-- Candy Kaspers, Atlanta
[John Sugg] uses a red herring technique in attempting to connect Kennesaw State University policies to local Cobb County aberrations ("The College of Law(suits)," Feb. 20).
Cobb's aversion to MARTA is not shared by most KSU students, faculty and administration. The administration, in particular, would welcome a MARTA station nearby. It would enhance enrollment and would alleviate our parking problem.
Cobb County homophobia and the Olympic avoidance of Cobb was an event embarrassing to KSU. The campus closed down and parking lots were made available to Games visitors. I can cite no administration-backed homophobic incidents. There have been occasional insults and vandalism directed at gay groups and gay publications but these were decried by the KSU administration.
Any connection to Dent ("Wildman") Myers or his mindset is ludicrous. He is viewed charitably as an anachronism and realistically as a madman and bigot.
-- P.E.Bostick, emeritus professor of biology, Kennesaw State University
Clinton's not to blame
Sounds like Luke Boggs downloaded his latest spin-cycle editorial (Rant, "American grows a spine," Feb. 20) straight from GOP minister of propaganda Karl Rove, or was it Jesse Helms?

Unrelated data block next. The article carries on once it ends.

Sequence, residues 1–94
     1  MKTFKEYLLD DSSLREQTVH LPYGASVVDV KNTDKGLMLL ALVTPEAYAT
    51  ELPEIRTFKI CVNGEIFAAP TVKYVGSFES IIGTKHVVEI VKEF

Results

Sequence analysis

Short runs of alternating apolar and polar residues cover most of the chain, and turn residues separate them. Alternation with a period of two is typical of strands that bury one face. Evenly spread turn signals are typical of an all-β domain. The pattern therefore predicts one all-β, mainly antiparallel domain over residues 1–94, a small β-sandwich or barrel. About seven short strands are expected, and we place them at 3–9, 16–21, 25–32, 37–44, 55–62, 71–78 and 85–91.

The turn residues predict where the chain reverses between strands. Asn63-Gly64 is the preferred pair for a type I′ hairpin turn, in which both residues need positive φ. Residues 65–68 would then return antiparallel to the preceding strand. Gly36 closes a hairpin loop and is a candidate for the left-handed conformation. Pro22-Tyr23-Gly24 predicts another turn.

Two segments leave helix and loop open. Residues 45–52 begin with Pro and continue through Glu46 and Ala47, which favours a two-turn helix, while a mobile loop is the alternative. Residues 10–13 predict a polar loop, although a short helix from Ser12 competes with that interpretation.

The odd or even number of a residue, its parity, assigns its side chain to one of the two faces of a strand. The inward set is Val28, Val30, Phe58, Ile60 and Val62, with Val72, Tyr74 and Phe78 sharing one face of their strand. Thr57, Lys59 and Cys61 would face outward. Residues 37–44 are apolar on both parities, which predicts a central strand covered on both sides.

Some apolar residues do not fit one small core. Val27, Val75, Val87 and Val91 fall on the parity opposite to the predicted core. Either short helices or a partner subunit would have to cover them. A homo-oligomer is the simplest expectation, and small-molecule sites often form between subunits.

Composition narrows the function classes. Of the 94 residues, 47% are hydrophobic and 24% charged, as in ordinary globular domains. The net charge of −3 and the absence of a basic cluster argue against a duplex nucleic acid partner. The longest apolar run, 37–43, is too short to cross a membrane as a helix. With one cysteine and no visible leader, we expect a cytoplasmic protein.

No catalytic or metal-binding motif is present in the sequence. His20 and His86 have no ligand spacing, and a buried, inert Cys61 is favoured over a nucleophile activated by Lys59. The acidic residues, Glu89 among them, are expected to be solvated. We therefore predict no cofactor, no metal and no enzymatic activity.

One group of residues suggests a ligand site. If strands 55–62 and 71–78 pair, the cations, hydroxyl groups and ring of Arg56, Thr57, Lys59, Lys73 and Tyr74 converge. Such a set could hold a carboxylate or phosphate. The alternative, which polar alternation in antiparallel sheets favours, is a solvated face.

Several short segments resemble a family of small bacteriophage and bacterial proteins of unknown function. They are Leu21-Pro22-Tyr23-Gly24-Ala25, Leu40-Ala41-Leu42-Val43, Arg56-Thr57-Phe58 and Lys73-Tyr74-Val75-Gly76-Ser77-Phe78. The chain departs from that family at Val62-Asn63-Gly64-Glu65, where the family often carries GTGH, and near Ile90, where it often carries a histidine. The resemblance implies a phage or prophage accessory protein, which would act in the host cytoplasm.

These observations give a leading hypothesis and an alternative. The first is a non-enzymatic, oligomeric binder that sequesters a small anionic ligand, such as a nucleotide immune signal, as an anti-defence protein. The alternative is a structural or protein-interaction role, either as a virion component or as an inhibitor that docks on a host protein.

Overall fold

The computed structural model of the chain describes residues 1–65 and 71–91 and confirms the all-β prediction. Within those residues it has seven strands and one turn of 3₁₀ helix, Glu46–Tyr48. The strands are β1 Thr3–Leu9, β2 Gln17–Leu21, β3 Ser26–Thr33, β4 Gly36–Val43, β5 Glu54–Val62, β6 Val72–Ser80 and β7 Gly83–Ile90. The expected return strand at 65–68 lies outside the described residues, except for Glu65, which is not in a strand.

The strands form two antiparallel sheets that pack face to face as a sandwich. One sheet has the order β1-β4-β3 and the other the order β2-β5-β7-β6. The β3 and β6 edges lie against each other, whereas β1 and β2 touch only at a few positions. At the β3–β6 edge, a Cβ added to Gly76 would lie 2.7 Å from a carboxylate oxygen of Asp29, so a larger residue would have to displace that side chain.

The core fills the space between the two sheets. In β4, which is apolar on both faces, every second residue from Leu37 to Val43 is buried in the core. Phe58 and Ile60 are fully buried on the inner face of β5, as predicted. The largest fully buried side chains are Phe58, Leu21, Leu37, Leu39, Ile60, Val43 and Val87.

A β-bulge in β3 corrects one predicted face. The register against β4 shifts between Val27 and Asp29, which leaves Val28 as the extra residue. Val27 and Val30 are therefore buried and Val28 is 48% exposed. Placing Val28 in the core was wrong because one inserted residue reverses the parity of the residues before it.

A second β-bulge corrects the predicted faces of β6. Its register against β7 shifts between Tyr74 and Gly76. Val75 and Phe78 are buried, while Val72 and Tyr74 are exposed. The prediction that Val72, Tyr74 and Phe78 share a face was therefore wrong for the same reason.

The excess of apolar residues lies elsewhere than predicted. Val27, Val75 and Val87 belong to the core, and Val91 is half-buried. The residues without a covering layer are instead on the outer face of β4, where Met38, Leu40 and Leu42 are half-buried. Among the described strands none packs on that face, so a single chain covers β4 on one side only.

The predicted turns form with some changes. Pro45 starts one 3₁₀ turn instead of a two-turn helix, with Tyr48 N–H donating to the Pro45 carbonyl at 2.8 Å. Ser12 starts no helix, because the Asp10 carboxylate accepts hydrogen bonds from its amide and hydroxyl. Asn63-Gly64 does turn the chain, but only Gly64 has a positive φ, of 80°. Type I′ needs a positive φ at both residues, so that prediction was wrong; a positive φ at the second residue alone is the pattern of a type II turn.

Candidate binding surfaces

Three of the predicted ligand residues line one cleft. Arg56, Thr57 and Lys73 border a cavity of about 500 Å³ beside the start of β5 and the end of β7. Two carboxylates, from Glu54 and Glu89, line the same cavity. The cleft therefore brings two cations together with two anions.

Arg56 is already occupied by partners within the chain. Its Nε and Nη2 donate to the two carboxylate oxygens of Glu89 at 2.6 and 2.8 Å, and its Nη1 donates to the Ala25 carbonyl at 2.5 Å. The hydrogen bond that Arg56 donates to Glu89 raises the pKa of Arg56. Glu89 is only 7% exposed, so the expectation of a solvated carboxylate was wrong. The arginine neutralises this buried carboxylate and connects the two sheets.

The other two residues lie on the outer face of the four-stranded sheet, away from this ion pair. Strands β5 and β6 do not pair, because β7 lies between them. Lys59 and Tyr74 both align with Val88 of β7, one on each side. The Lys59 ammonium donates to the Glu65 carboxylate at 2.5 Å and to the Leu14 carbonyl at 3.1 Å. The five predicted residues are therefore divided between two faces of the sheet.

While Clinton certainly deserves to take some heat for some spinelessness, he and Albright went far beyond "papering over" the so-called missile threat in North Korea. In November 2000, when Clinton was poised for a visit to Pyongyang, the North had already agreed to forego construction, deployment and international sales of all missiles with a range of 300 miles or more, a move that would have seriously addressed the root of nuclear threat in that region and also saved U.S. taxpayers from vast additional military expenditures. After five Supreme Court votes sold the election to Bush, all this remarkable progress was left to languish in extraordinary diplomacy-by-dereliction, likewise showing callous disregard for South Korean President Kim Dae Jung, winner of the 2000 Nobel Peace Prize.
As for this "axis," how brilliant! Iraq and Iran hate each other as a result of their war in the 1980s. North Korea barely has any relationship with Iraq. It has sold a small amount of military and missile hardware to Iran, but an insignificant amount compared to what the Reagan and Bush Sr. administrations sold to Saddam Hussein in the 1980s.